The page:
Within the layers of the mural there will be a layer where one would want to run one’s hand – it’s human nature to want to ergonomically touch. Humble objects, the parts of ourselves that we leave behind, tell the best stories and Kim is inserting those objects into the mural to leave impressions and future fossils, recreating the casings and hollows left in soil, clay, and rock when objects decay. Carapaces, bones, horn, teeth, tusks, shells, tools, weapons, buttons, bullets, keys, spear tips, nails and needles will all be inserted into the mural as an assemblage of people, land, nature, and history. Plainer tiles are also being used as a contrast to detail, texture, and topography extrusions, creating more shapes for the eye within the length of the mural.

The Homestead is being built to be part of the landscape rather than forcing itself on to the landscape and the same principle applies to the ceramic mural. The clay being used for the tiles is a red clay that has a high iron content, indicative of the soil in the land surrounding The Homestead. Furthermore, ceramic is a material as close to nature as you can possibly get – in archaeology it’s used to date and describe a civilisation. Once the sculpting work and the incising and moulding are complete, the ceramic tiles will be partially fired, then glazed afterwards. A glass powder that will adhere to the surface of the clay, the glaze will run off some of the high areas and pool in debossed areas to create a beautiful finish where the clay will show through the high gloss surface, which means that the texture of clay will have a high grog content – a granular, sandy, speckled texture.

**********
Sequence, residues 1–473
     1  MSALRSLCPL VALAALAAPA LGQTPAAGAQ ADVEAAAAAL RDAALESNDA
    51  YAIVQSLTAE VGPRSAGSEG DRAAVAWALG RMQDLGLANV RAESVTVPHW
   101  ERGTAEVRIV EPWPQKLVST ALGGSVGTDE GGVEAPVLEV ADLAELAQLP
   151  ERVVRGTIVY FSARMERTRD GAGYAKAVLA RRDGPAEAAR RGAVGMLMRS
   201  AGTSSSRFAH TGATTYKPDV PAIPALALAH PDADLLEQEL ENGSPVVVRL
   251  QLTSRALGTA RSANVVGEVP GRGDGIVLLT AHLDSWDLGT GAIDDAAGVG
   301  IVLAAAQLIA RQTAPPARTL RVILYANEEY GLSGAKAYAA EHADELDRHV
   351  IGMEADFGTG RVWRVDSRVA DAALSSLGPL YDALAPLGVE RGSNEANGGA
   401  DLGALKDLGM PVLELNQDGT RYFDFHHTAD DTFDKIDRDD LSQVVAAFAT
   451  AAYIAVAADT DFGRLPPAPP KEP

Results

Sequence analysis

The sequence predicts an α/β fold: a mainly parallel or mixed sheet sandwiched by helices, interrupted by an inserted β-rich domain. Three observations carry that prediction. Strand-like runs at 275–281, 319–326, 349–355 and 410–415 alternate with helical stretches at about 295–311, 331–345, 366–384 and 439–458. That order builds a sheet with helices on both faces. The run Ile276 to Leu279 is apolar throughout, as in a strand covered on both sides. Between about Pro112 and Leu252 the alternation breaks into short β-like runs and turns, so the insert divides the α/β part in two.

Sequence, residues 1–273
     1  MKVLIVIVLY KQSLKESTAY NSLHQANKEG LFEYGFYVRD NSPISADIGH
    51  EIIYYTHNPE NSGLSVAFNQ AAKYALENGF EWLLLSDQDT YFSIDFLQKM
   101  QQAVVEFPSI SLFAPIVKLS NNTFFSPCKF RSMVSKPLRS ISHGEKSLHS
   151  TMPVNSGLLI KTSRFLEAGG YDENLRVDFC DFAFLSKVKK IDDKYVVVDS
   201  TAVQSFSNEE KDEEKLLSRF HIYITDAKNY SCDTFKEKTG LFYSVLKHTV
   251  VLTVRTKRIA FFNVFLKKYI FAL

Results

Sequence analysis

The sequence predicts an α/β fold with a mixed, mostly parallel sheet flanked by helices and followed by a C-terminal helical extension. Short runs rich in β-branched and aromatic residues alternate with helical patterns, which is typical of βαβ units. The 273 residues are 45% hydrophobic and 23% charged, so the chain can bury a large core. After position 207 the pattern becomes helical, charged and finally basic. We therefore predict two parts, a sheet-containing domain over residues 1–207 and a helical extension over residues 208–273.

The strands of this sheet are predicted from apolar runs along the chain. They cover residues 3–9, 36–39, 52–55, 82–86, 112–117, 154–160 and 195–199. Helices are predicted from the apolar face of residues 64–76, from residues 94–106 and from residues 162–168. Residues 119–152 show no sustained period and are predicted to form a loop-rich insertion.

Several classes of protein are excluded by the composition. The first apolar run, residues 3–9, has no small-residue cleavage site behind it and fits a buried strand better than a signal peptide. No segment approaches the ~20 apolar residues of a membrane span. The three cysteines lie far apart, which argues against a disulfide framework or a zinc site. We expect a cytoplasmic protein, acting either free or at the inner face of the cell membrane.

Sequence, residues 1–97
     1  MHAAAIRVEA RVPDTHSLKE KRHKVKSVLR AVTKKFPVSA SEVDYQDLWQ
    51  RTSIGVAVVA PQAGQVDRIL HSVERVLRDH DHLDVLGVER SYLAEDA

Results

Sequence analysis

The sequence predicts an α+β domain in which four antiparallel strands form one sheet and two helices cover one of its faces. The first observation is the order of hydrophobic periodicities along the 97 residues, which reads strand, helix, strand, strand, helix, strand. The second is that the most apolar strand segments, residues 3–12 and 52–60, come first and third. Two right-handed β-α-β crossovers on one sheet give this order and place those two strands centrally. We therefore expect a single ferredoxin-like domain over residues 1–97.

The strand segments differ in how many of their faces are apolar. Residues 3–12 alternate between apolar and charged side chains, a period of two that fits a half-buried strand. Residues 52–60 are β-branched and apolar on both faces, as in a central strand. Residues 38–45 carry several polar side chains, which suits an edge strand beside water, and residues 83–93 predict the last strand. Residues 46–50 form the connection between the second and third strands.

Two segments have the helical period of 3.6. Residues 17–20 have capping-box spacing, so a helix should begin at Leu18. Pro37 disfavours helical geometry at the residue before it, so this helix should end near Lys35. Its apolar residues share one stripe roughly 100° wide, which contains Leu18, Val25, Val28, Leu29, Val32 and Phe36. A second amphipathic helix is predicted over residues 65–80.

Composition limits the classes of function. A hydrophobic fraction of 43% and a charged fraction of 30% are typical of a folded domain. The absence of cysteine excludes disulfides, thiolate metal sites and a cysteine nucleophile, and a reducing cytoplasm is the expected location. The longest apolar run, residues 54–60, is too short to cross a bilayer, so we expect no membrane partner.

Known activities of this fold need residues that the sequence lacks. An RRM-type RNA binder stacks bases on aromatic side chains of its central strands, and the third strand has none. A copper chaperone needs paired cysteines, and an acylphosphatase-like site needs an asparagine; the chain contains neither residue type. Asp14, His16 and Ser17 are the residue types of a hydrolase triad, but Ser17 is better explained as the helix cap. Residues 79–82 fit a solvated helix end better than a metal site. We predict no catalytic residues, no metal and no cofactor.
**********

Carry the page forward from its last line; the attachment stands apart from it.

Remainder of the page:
The glaze stage is also where the magic happens. VLVLK are applying meticulously methodical, scientific, formulaic techniques to the ceramic: the spontaneity of the firing, when the glaze reacts with the temperature and the surface of the tiles, will deliver beautiful variations in colour that the designers can’t predict. Due to the scale of the project, VLVLK have deconstructed the entire project down into a grid format and numbered all the tiles, so that during production and installation they can replace elements if they don’t come out of firing as anticipated. Installation will almost be like paint-by-numbers!

The story of the Captain’s Table is one of two different families coming together and rather than a literal interpretation, wooden table legs will be cast and repeated within the mural, as a graphic element. The three icons that represent the ethos of The Homestead, Peace, Love and Understanding, are also conveyed, more literally. Understanding is represented by the national animal icons of the countries involved in building The Homestead; wedding rings and a table will symbolise Love (the story of the captain and his wife) and Peace will depict elements of war and why we need to learn from history and move forward, creating connections to prevent us from repeating the mistakes of the past.